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About This Page

All genealogy seems to be a work in progress, and this page is no exception. We are listing here links that we have found to be useful in our research. We leave the task of compiling comprehensive lists to others, and simply provide links to the fruits of their labors.

 

German Names

Many of our ancestors were Pennsylvania Dutch, a term that itself demonstrates a problem of Germans living in an English-speaking land. The Anglophones, upon seeing the German word for German, "Deutsch" (properly pronounced doitch), misinterpreted it as "Dutch." The Pennsylvania Dutch aren't Dutch at all, but of German extraction.

English-speaking officials don't deserve all the blame for changing the spelling of immigrants' names, either. As we look back to the spelling of the surnames of our old-world ancestors, we observe that changes from generation to generation are common. We ask how the person spelled his own name. But let's not forget that universal literacy is a recent phenomenon. In an agrarian society there was often time for school only when there was no work to be done in the fields. So the answer to how the person spelled his own name may frequently have been "X." What we see is often how the parson wrote the name in a baptismal record based on how it was pronounced by a parent.

We have observed mutations of our ancestors' names and have a few to share:

bulletBachman -> Baughmann (pronounced "buffman") -> Buffum
bulletHinterleitner -> Hinterleiter -> Hinderliter
bulletHochwarter -> Howerter -> Howarter
bulletLangenbach -> Longabaugh

We obtained the following information about the LANGENBACH surname on the Web, but sadly have lost the source:

 

The original spelling for this family name was LANGENBACH. Early 18th century maps of Germany show a number of towns named Langenbach in the Rhineland region. The people from these towns were known as Langenbacher's. The Geman dictionary shows lang as meaning long or tall, and Bach as meaning stream or brook.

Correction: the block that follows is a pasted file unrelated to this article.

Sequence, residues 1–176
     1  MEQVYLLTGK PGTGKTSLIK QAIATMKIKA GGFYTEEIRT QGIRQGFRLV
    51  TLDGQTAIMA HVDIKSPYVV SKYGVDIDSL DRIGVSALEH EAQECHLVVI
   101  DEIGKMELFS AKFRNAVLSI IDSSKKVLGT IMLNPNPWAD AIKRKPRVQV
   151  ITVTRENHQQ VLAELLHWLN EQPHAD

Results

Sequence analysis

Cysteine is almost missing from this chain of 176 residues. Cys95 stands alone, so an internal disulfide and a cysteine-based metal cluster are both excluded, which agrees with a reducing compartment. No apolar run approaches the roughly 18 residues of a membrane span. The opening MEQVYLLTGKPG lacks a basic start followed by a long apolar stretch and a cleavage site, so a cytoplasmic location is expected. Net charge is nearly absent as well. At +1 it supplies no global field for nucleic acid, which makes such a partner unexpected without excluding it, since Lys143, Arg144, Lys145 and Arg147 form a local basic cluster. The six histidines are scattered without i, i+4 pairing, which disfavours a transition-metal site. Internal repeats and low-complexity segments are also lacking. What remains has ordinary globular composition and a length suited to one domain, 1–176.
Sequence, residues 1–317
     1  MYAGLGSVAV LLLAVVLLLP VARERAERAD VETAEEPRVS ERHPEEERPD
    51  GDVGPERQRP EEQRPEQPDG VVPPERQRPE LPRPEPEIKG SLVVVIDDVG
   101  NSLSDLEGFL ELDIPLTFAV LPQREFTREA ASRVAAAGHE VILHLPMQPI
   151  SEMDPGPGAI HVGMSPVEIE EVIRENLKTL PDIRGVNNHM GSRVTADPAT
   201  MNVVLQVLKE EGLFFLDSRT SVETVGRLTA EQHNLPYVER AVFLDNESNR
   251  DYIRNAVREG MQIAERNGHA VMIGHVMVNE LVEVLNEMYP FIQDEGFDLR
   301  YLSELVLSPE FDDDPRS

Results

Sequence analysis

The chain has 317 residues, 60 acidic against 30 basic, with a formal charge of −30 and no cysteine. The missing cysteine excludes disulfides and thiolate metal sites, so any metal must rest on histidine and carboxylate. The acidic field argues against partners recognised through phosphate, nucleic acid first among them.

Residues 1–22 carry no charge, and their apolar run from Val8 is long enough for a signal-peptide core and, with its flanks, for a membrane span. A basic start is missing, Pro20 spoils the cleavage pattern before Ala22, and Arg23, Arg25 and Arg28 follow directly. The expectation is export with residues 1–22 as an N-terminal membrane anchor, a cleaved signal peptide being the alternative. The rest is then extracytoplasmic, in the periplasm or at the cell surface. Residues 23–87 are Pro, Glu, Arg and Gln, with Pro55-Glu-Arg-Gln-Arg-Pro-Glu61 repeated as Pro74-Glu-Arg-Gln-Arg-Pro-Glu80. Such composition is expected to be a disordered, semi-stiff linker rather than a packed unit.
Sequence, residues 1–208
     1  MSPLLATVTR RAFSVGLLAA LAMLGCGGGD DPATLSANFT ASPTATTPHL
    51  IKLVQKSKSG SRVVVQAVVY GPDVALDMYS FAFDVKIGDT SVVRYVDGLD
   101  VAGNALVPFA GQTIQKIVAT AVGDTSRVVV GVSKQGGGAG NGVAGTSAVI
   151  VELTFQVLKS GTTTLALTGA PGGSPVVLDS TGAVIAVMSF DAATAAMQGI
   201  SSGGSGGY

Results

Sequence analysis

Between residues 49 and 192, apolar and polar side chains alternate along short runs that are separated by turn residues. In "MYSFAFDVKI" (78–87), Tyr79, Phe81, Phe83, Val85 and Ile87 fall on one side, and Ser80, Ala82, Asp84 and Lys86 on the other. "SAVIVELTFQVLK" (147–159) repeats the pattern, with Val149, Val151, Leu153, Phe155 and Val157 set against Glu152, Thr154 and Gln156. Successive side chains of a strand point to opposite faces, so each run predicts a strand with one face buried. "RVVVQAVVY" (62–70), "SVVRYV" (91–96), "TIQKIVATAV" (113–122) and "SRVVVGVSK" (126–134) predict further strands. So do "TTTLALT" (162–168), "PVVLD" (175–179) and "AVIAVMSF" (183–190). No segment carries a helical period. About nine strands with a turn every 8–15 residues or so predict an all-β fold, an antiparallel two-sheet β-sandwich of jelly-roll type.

Early recorded documents in America use the spelling LANGENBACH, or a slight variation: LANG a BACH or LANG e BACH. This includes ship arrival documents, and early Pennsylvania church and civil records, such as George Paul LANGENBACH (1753) and John Jost LANGEBACH (1772). Michael's surname appeared as LANGENBACH in the early church and county records obtained at the Easton City Library, Easton, PA.

Over time, several variations of the spelling have come into common use by some family lines. LONGenbach is common in the Bethlehem, Pennsylvania area, with a Longenbach-Billheimer reunion held there annually since the early 1920's. Other common forms now include LangenBAUGH, LONGenBAUGH, LONGABAUGH, etc. Some family branches (including the Jacob Tilman line) have maintained the "original" spelling, LANGENBACH.

 

There is useful information about German names at the Berks County Registry of Wills web site, including a list of Anglicized German names. The author points out that among the Pennsylvania Dutch the letters "p" and "b," "t" and "d," and "k" and "g" were sometimes used interchangeably. Also worthy of note is the frequent appearance of the name Johann as the first name even though the individual was never referred to by that appellation.

A very useful source of information regarding German naming conventions is Charles Kerchner's 18th Century PA German Naming Customs. Also note the links at the bottom of this page. Mr. Kerchner has a more extensive page about his surname. It contains additional interesting links, with personal links at the top and general links at the bottom.

 

Longswamp Township, Berks County, Pennsylvania

Several of our ancestors settled in eastern Pennsylvania, particularly in Longswamp Township, Berks County, near the town of Mertztown. Following are links that may be of interest to others researching this area:

bulletBerks County Registry of Wills
bulletDonna's Berks County Genealogy Page Note the wonderful Amish buggy graphic.

 

Interlinking Families

The following genealogy sites include individual in our family tree or include information that we have found particularly relevant in our research:

 
bulletThe Henshaw, Riggenbach, Thomson, Treece, and Tuin Families Susan's Cherry ancestors.
bulletGreg Price's Genealogy Web Site Jan's Howerter ancesters.
bulletThe Hinderliter/Playford Home Page Jan's Hinderliter relatives.
bulletThe Marilyn Miller Home Page Extensive Fulton County, Illinois listings.

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Last modified: March 11, 2009